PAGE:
By Crusoe Osagie
The National Association of Nigerian Traders (NANTS) has called on the Federal Government to reverse what it called an ‘outrageous’ exclusion of the Micro enterprises from most of the intervention initiatives aimed at bailing out the real sector.
NANTS stated that micro enterprises, which account for more than 70 per cent of the real economy and provide most of the nation’s employment opportunities, need more attention and support if they are to contribute significantly to the country’s economy.
The association commended the federal government’s efforts in stimulating growth in the real sector through various schemes aimed at improving the business environment and providing the necessary support for the productive sector of the economy.
Senior Commercial Officer of NANTS, Adenekan Adeshile, noted that while these efforts were laudable and provide some form of leverage for a privileged few, but for micro enterprises particularly, the various schemes do not appear to consider or deal with their existence.
“For NANTS, our bugging questions are; what has the informal, micro sector received in the overall scheme of the Federal Government? What kind of policies speak for the sector operators, and what crime has this sector committed to merit such neglect?
“We have only seen ‘terrible hand-me-downs’ and schemes that occur at the will of political class with no systematised process to give an identity and transformation of the informal to formal small businesses aimed at improving their management processes that can translate into improved economic well-being,” he said.
Adeshile stated that in the design of these funds, it was obvious that the small informal trader, small-scale farmer or local manufacturer or artisan providing services at the community/rural level were totally excluded.
He stressed that when reference is made to Small and Medium Enterprises (SMEs) for instance, the fund anticipates investments in excess of N50 million (excluding land) and the employment of between 11 and 300 persons.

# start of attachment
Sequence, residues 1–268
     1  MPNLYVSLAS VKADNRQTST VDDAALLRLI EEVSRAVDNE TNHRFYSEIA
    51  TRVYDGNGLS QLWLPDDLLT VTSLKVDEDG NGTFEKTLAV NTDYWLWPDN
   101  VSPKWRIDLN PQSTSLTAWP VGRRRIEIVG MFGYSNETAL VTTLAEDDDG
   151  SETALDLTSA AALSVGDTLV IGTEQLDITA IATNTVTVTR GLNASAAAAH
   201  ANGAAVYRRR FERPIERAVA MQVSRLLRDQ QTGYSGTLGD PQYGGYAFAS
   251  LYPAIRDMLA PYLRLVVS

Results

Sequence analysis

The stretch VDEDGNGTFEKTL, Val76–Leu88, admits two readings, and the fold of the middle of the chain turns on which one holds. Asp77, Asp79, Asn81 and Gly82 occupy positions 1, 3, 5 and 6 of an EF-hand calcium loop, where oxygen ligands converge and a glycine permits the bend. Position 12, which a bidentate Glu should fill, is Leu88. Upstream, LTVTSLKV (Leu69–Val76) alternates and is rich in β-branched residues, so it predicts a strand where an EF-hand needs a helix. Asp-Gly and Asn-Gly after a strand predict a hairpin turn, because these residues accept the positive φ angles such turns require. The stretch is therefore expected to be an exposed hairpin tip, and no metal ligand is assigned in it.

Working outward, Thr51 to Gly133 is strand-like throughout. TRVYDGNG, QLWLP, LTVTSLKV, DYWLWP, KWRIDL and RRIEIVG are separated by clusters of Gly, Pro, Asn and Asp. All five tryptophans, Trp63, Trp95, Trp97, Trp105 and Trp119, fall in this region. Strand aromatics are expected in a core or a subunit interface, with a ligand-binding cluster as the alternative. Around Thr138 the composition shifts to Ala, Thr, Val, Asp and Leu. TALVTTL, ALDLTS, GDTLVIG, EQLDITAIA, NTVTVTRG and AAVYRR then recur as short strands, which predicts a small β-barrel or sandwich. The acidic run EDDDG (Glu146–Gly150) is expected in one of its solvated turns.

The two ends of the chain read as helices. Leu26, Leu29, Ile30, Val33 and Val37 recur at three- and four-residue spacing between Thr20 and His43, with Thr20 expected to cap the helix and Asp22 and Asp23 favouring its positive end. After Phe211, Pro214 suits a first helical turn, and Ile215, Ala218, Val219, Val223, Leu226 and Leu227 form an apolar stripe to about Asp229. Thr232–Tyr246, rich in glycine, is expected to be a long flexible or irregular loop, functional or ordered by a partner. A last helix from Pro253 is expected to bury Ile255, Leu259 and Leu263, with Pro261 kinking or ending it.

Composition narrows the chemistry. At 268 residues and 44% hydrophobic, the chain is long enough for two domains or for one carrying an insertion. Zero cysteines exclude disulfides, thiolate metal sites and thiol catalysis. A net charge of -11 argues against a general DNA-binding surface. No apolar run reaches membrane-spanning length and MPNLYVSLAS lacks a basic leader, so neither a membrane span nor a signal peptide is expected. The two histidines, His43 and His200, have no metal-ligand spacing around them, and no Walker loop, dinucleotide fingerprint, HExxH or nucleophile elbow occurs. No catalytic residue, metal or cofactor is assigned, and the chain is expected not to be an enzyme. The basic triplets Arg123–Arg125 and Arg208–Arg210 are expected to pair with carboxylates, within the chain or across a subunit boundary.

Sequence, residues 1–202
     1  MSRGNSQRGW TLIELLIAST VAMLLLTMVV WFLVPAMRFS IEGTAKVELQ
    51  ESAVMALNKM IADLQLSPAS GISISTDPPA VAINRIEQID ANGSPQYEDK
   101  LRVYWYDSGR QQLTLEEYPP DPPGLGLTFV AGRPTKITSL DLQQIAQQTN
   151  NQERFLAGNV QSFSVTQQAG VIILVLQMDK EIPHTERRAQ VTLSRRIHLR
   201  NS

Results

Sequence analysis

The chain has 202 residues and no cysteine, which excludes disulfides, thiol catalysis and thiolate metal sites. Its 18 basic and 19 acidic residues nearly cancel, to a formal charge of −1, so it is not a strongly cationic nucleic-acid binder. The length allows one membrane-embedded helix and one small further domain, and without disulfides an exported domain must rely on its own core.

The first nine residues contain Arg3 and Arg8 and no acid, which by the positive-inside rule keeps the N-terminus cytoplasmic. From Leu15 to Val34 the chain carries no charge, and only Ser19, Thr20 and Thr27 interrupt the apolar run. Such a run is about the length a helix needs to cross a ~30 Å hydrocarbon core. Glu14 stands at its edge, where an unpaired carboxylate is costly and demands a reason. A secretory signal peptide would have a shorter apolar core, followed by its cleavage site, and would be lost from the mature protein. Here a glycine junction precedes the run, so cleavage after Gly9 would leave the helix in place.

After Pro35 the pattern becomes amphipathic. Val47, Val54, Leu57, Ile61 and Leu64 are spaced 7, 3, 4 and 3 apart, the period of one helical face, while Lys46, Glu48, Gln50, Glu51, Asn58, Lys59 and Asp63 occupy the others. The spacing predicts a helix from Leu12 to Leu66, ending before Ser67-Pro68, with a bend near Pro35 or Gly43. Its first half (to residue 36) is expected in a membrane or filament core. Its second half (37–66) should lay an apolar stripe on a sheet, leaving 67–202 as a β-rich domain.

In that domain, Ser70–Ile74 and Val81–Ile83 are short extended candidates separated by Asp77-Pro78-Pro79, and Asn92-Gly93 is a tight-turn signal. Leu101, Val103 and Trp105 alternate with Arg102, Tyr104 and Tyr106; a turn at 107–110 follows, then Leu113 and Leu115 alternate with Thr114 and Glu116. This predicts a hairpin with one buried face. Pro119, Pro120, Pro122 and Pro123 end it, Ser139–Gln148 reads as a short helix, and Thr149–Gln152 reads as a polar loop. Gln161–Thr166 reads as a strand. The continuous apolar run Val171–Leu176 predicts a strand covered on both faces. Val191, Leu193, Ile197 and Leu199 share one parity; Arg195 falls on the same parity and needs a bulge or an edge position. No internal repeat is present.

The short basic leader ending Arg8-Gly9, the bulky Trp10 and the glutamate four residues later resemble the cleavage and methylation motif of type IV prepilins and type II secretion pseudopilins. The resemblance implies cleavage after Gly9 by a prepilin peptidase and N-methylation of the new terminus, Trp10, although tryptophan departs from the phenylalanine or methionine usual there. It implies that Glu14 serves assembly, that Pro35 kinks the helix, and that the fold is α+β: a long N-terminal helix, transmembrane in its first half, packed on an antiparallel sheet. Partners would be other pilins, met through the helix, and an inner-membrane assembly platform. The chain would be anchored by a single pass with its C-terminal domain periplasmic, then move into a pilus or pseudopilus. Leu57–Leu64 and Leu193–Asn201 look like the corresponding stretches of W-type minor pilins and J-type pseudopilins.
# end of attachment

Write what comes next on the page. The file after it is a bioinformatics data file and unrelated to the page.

He said the questions are “what proportion of the real economy falls within the classification being affected? How many SMEs in Nigeria can have investment muscle up to this ceiling?
“Our submission is that because the vast majority of the productive sector is neglected by such interventions, it will be difficult to see meaningful shift in the economy.
“Moreso, for the Commercial Agricultural Credit Scheme, while reports shows that over 80 per cent of the funds have been disbursed to more than 180 beneficiaries including various State governments, we are yet to see what impact in terms of significant level of change in food security status and transformation in the agricultural sector can be traced to the fund itself”, he added.
He said that to worsen the situation, State governments that have accessed the funds are supposed to be able to lend to cooperatives; but in the face of such high value requirements, to be able to qualify, the vast majority of these informal operators have been excluded automatically.
According to Adeshile manufacturing and processing still depend heavily on imports of raw materials, which has negatively affected balance of payments, and has in fact only increased capital flight and untamed exchange fluctuations.